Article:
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Chevy Colorado and GMC Canyon Electrical Problems



  • Hi,

    I'm having just the door lock problem (no window problems at all) where my doors will not unlock with the key fob but they will lock with it and the doors lock and unlock normally from inside of the vehicle. The key fob is good because the lights flash when I unlock the doors with the fob but it just doesn't trip the unlock mechanism. Also, if I do not unlock with the fob first, the alarm sounds when I use the key to open the door. Oh, and one other thing that I noticed is that when I remove the key from the ignition, it doesn't unlock the doors. I could have sworn that it used to do that.

    Anyhow, if you have a schematic of the system I would love to get a copy from you. I have the wiring diagram from a car maintenance book but it does not have a schematic... just a wire going in and a wire going out, etc.

    Other than this one problem, the truck has been real good. It's excellent on gas and has plenty of get up and go.

    Thanks for any help.
  • I have a 2006 gmc canyon with a 2.8L. It just now hit 30000 miles. i have had no problems until now and for some reason my brake lights won't light up. The funny thing is that my third brake light works fine. I have replaced the bulbs, checked all the fuses, and have even traced the wiring as far as i can see it but cant seem to find the problem. I contacted the dealer and got the usual BS ($80 per hour) has anyone had the same problem or have any suggestions on what to do.
  • There was a recall on my 2004 on the brake light switdh. You might want to check with a dealer
  • My 2004 colorado stalls for no reason out of the blue. When i try to restart nothing not even a click. Sometimes engine warning light, Sometimes message says REDUCED POWER or TRACTION FAULT. replaced start run relay, did not help.After truck sits 4 or 5 minutes it starts like nothing was wrong. Truck only has 41000 on it.
  • AlennxAlennx Posts: 20

    You are describing exactly what is happening to my 2005 Chevy Col I5 Ext @ 72K.

    The problem is deep cycling the battery kills everything under the hood. I have changed out batteries twice now. First time was at around 55K when the original battery gave up the ghost, massive overheat and death.Second time was an 860CCA battery that lived about 6 months with two accidental drain outs. No, you don't need a "special" battery from the dealer.

    I noticed you said you run a cooler through the ACC adapter. I run a 500W inverter all day in my truck, sometimes engine on, somtimes not. I power a laptop that draws like Vegas and charge camera, radio and cellphones batteries. I've had this vehicle from new and it was fine before I started using it for work. Apparently the regular deep cycling doesn't just 86 the battery but also kills off accesories and ultimately larger parts. My blower is now only working on level 4 (sound familiar?).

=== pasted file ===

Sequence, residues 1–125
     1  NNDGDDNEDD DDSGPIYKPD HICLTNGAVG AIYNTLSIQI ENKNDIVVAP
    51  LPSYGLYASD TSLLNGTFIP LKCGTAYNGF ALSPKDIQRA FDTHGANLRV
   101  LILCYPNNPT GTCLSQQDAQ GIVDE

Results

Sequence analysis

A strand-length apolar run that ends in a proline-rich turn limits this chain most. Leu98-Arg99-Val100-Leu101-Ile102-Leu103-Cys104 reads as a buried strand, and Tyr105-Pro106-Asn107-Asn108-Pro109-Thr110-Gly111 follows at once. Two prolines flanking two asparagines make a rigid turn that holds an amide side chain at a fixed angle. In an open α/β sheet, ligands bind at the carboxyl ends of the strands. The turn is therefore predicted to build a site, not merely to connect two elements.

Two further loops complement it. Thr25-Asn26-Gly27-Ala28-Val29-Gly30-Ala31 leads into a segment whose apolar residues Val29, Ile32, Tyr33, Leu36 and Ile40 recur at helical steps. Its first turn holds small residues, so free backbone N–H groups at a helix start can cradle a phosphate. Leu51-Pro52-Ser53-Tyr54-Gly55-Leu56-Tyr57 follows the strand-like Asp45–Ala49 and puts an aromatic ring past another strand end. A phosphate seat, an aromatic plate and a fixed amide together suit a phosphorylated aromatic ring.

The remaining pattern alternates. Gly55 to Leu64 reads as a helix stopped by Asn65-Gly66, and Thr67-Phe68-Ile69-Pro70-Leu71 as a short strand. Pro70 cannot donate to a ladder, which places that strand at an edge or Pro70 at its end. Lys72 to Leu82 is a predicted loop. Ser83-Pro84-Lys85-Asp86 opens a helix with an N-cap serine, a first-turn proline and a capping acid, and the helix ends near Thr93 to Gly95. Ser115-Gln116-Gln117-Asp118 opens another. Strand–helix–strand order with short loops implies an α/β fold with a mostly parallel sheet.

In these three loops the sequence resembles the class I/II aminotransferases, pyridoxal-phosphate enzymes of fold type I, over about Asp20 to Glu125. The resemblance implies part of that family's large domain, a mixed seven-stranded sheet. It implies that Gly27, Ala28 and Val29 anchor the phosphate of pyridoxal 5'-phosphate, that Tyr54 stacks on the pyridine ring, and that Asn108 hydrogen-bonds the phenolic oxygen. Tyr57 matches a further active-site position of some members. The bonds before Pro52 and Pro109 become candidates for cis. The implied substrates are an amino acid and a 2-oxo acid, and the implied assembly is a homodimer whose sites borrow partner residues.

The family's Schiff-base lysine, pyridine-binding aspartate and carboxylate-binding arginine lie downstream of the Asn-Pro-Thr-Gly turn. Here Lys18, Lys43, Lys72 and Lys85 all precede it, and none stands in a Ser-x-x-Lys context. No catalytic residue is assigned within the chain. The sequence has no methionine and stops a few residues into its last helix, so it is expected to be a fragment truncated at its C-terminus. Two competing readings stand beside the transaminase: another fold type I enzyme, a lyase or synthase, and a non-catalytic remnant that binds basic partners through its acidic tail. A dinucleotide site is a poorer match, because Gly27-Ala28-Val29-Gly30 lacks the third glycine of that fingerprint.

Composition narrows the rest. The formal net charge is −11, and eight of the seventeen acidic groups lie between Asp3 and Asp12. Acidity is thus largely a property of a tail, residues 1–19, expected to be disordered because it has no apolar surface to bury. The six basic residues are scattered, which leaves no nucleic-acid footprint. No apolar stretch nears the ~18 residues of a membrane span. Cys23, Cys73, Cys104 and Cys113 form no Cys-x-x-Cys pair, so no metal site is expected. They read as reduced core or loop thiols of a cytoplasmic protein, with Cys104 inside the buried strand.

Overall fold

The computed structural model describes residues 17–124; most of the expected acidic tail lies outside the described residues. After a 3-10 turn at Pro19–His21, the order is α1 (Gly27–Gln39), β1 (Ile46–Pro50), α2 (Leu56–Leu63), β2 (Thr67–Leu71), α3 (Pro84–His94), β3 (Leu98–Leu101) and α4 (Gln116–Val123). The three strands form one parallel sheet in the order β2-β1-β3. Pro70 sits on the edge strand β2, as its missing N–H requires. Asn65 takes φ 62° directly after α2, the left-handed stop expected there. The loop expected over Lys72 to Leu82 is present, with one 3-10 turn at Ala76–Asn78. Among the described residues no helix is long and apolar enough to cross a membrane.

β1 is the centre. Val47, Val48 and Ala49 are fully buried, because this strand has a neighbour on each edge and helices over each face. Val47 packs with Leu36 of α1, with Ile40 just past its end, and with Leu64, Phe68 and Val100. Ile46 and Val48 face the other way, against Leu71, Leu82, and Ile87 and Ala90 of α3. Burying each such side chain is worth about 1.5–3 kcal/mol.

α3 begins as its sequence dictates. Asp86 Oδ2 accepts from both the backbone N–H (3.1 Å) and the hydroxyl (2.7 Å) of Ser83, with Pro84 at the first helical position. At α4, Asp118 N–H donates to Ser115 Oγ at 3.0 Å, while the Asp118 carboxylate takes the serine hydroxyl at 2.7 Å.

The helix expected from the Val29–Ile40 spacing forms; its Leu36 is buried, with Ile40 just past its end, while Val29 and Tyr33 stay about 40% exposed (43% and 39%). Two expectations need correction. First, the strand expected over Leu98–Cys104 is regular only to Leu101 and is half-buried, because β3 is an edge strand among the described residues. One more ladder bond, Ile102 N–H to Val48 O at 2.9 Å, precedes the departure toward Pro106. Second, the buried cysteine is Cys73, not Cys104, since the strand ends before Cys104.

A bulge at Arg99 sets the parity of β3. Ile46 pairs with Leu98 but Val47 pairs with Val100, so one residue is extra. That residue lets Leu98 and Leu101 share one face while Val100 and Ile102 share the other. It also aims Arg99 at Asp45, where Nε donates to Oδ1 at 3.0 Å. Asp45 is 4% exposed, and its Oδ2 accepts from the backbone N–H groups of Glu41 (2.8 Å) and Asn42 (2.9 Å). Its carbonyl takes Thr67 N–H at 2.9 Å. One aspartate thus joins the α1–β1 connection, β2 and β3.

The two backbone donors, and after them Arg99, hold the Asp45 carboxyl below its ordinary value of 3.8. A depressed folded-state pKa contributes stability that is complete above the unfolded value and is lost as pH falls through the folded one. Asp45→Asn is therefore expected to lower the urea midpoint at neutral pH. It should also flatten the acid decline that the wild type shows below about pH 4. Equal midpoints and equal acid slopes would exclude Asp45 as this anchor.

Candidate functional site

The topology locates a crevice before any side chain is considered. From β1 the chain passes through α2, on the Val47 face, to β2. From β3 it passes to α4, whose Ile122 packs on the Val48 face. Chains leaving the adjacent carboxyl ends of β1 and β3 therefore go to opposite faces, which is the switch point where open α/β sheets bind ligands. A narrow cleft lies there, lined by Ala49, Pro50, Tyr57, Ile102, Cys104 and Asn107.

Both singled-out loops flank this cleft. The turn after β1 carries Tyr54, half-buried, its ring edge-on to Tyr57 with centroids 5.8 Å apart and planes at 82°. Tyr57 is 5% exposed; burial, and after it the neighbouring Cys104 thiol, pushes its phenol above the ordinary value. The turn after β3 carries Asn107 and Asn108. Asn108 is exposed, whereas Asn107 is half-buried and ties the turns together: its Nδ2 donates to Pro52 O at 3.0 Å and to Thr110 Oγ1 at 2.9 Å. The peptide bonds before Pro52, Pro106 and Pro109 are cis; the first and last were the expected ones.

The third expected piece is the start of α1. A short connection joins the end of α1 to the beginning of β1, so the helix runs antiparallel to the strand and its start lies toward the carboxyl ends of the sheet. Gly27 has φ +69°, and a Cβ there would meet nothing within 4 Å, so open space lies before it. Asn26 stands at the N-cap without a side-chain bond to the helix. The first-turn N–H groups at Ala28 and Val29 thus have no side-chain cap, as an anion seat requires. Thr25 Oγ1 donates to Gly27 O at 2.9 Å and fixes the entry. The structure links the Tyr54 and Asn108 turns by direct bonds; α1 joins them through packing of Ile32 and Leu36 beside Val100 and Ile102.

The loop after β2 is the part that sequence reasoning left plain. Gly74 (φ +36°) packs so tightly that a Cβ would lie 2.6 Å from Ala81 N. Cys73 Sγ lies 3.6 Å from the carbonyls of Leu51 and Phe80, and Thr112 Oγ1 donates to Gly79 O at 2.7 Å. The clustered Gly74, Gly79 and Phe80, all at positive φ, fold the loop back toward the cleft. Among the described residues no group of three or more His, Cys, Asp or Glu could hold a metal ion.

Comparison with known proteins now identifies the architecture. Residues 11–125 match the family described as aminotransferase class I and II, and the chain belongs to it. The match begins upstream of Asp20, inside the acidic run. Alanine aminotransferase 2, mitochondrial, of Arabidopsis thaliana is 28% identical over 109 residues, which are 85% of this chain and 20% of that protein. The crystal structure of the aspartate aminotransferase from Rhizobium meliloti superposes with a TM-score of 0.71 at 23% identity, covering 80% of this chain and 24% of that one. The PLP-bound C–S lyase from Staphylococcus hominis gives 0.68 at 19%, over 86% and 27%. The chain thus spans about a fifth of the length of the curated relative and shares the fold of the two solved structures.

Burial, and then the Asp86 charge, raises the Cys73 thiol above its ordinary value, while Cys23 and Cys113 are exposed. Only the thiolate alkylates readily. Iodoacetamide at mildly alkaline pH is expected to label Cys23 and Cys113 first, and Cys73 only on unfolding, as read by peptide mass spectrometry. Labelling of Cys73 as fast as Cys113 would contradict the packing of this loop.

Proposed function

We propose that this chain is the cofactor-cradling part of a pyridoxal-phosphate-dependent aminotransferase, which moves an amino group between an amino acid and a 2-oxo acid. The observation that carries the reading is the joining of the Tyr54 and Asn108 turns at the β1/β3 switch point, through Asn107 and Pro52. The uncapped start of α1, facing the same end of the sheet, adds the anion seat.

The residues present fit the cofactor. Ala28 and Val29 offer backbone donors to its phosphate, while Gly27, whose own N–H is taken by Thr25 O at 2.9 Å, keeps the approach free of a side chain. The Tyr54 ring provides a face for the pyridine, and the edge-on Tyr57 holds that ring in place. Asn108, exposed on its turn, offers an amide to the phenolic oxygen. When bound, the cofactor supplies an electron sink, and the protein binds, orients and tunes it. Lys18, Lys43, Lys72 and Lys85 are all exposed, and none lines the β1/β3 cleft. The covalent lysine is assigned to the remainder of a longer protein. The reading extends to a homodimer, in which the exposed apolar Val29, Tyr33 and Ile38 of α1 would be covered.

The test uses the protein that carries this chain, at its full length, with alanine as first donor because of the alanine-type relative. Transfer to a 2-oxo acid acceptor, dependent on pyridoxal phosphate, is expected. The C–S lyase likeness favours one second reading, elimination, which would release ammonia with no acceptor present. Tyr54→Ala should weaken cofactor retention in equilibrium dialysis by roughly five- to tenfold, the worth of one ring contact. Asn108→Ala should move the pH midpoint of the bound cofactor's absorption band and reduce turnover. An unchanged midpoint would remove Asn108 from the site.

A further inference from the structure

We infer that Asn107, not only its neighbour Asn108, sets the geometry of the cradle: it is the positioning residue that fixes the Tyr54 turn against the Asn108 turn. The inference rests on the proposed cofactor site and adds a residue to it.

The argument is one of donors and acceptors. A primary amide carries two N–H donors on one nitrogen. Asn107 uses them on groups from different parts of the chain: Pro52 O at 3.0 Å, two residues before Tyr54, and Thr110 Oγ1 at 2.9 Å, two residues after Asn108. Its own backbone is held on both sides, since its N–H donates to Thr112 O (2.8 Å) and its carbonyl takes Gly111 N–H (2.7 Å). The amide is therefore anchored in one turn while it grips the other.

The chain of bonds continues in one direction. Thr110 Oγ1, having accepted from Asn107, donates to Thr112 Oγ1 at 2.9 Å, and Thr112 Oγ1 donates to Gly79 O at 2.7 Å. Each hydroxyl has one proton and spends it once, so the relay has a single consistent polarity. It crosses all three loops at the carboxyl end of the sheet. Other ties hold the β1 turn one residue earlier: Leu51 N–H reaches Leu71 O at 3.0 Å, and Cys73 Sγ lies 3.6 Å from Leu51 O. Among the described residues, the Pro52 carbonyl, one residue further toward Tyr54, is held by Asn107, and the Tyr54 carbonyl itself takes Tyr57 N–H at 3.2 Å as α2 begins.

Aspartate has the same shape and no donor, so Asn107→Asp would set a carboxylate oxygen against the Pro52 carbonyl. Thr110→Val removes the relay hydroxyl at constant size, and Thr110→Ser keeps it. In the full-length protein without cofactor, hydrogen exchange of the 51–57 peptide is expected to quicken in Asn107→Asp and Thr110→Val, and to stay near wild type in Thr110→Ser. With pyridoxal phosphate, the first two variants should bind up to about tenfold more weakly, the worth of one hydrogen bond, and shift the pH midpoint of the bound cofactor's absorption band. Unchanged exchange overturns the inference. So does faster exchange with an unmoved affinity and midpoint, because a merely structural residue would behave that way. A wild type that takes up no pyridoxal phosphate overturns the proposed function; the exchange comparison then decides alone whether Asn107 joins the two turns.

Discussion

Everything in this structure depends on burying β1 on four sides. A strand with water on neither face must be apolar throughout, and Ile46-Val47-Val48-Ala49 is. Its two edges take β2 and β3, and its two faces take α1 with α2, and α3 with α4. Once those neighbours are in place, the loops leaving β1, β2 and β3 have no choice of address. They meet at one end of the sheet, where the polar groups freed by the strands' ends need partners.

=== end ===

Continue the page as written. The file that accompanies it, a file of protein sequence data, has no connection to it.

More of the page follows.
So I spent $200 on a Yellow Optima Deep Cycle Battery and we'll see how that goes. I spose I'll have to replace the blower motor.
  • dmathews3dmathews3 Posts: 1,739
    Running an invertor can do damage to the old battery real quick. Thats why RVs with convertors run 6V deep cycle batteries that are made of charge/discharge and then if you let them go below 50% they become toast quickly too. Your lucky it hasn't got your alternator yet with all the drain on the battery makes the alt. run overtime.
  • duartduart Posts: 5
    This truck is having several electrical problems. It cuts out while driving sometimes to the point of stalling the engine.The tach has very erratic movement. The radio sometimes looses its presets and the clock returns to 12:00. The blower fan also acts up with only high speed available. all this gradually came about overnight. No service codes. All these problems come and go. Sometimes they all are evident, sometimes maybe one or two are showing up. It has never failed to start.
  • AlennxAlennx Posts: 20
    OK, we have the same problem. We are going to figure this out!

    It's not the battery, I just put a new Optima Yellow in and the issues continue the same. It could be the alternator although last I had it checked it was putting out 14V. This was a spot check, not a monitoring over any driving time.

    I am getting an occasional code... "rpm does not match the engine conditions." The suggestion is that the Air Intake sensor needs replacing or there's a vacuum failure. Does this explain the fluctuating rpms? Maybe. Does this explain the blower failure or the under-power while braking? Only if the drop in rpms leads to a drop in charge-back, which in turn drops below 12V. Why is the blower crapped out on 1, 2 and 3, but not 4? Should be the key to the problem but it makes no sense!